I arrived in Christchurch on 29th June to positively balmy weather. It's supposed to be winter, but New Zealand is experiencing warmer than usual temperatures, meaning all that snow that fell in May has melted. Oh dear!
Never mind, it was great to catch up with friends in Christchurch, including ski buddy Sonja and husband Chris, who kindly stored my skis and a few bits and pieces for the last nine months in their garage loft. I stayed with Yuri and Ollie, went for some glorious walks along the coastline from Taylors Mistake, and visited a craft market where I bought the most elegant Oliver Twist wooden bowl. It's hand turned, from a piece of Rimu rescued from an earthquake demolition. Something beautiful out of all that destruction...
As there's no snow most of the ski fields are yet to open. The large commercial fields have opened, relying on artificial snow to keep their trails skiable. But off piste? That's a no go...
None of the smaller ski fields between Christchurch and Wanaka were open, so instead of driving down via Tekapo I decided to head down the east coast and visit Oamaru. Oamaru has an old Victorian era harbour precinct and some stunning sandstone buildings. It also has some interesting galleries, antique shops, and a couple of penguin colonies.
As I was driving along the coastline, the town reminded me of somewhere. There was a perfectly nice beach with a railway line alongside it, a road, and a whole lot of buildings facing the other way with a main business street and frontage facing away from the beach. Yep, here was Geraldton's doppelgänger.
After a night in Oamaru I headed up the "pigroot" to Central Otago. This road was the original road taken to get to the Goldfields from the coast, until they built the railroad further west. It's a scenic road, and being a fair way north of Dunedin, doesn't get the traffic that the newer highway further south gets. And it was a glorious day.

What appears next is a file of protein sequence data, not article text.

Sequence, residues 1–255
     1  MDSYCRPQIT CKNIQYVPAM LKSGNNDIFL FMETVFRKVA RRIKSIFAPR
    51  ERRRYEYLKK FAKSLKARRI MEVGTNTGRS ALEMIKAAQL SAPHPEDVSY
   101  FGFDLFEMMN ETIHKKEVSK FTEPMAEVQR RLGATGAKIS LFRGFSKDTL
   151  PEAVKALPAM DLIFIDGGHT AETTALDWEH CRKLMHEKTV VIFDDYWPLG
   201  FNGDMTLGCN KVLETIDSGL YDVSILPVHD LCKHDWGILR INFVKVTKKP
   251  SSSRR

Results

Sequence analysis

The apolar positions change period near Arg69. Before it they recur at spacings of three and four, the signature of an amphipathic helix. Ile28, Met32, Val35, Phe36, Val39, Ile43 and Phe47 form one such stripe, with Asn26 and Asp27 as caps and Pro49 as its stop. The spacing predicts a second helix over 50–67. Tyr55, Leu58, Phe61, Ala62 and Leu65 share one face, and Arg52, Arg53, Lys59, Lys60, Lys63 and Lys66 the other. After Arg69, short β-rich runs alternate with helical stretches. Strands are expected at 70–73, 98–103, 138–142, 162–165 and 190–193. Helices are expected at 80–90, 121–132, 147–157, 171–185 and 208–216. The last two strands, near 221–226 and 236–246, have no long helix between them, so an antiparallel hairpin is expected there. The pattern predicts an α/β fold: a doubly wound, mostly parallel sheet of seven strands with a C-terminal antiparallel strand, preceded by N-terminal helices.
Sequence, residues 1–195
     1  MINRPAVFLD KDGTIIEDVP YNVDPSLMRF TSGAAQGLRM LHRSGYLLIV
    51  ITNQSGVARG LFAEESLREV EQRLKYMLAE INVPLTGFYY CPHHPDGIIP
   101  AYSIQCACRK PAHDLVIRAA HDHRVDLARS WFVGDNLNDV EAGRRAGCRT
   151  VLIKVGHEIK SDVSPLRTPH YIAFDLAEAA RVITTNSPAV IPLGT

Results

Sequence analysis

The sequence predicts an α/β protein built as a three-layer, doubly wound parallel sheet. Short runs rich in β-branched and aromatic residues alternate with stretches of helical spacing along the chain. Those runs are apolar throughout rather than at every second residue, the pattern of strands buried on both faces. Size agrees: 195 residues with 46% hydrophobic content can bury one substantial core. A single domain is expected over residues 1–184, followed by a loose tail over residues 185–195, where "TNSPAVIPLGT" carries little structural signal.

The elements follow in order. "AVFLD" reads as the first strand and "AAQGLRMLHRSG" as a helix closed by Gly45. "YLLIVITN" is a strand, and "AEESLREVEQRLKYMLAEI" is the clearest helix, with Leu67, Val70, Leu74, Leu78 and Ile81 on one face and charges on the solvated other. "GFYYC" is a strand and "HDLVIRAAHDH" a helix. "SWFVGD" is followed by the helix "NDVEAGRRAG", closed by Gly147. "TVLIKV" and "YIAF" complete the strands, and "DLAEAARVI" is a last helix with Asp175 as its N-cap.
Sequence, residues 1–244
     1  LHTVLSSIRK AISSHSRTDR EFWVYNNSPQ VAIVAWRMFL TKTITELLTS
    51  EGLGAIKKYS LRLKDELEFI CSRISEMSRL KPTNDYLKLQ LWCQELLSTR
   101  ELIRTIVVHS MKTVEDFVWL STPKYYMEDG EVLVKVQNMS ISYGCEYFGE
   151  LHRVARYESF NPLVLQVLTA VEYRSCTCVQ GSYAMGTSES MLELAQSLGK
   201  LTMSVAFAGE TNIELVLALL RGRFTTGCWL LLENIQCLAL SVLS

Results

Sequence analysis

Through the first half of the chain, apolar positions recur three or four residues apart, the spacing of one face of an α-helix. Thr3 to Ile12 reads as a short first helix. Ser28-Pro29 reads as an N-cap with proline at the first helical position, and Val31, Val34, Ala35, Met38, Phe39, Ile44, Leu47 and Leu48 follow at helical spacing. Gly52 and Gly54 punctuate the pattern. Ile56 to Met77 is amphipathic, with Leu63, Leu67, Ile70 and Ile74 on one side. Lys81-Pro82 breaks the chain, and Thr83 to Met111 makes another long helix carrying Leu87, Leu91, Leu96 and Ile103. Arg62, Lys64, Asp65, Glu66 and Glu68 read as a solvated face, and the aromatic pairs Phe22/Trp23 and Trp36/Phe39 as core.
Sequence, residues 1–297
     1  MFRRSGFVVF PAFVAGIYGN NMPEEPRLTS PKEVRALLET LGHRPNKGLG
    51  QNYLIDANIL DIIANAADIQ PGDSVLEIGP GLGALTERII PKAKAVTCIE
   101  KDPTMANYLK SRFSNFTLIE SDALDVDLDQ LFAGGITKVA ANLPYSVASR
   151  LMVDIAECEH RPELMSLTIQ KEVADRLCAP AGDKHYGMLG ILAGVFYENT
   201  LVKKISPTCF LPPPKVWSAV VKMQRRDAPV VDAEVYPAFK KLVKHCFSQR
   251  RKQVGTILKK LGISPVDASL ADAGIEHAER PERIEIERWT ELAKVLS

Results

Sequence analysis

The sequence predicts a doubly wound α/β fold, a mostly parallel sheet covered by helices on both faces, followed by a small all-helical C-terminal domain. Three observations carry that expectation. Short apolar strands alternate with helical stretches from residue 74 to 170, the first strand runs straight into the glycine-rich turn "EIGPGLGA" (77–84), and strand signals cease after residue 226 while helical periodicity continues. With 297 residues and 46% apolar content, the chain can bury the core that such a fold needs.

Up on the Central Otago Plateau I headed through Ranfurley and turned off to visit St Bathans. This is an old gold mining town, that has a flooded sinkhole in the middle of town called The Blue Lake, which makes for a pleasant tramp around on such a sunny day.
Then I headed to Wanaka, checked in to my hostel for the winter and worked out what I would do until the mountain opened.
I'd come here to do a ski instructor course, so rather than wait a couple of weeks, I spoke with Dean (one of the Rookies managers) and got myself fast tracked on to a course that had already started, with the plan to do my Level One exam next week. The baby slope at Treble Cone was open, and this was where the training was going on. A perfect environment for learning how to do wedge turns.
For the first time in my life I learnt to do wedge turns. I'd not had lessons when I first started to ski, and learning to do wedge turns slowly and accurately, with precision, takes a considerable amount of effort and concentration. Everyone was amazed at how hard it was to get these right, mainly because we've all developed bad habits that need to be broken. And nobody but instructors spend more than a few weeks of their entire time skiing wedge turning before progressing to learning parallel turns. Learning to be a ski instructor is like learning to ski all over again. Which is one of the main reasons I'm doing the course, so I can ski better.
We're expecting some decent snowfall in the next 24 hours, and more on the weekend, so just hopefully the rest of the mountain will open soon. Meanwhile I'll be on the baby slope practising those wedge turns and doing my exam. After that, I'll get a chance to do some free skiing before starting training for my Level Two exam.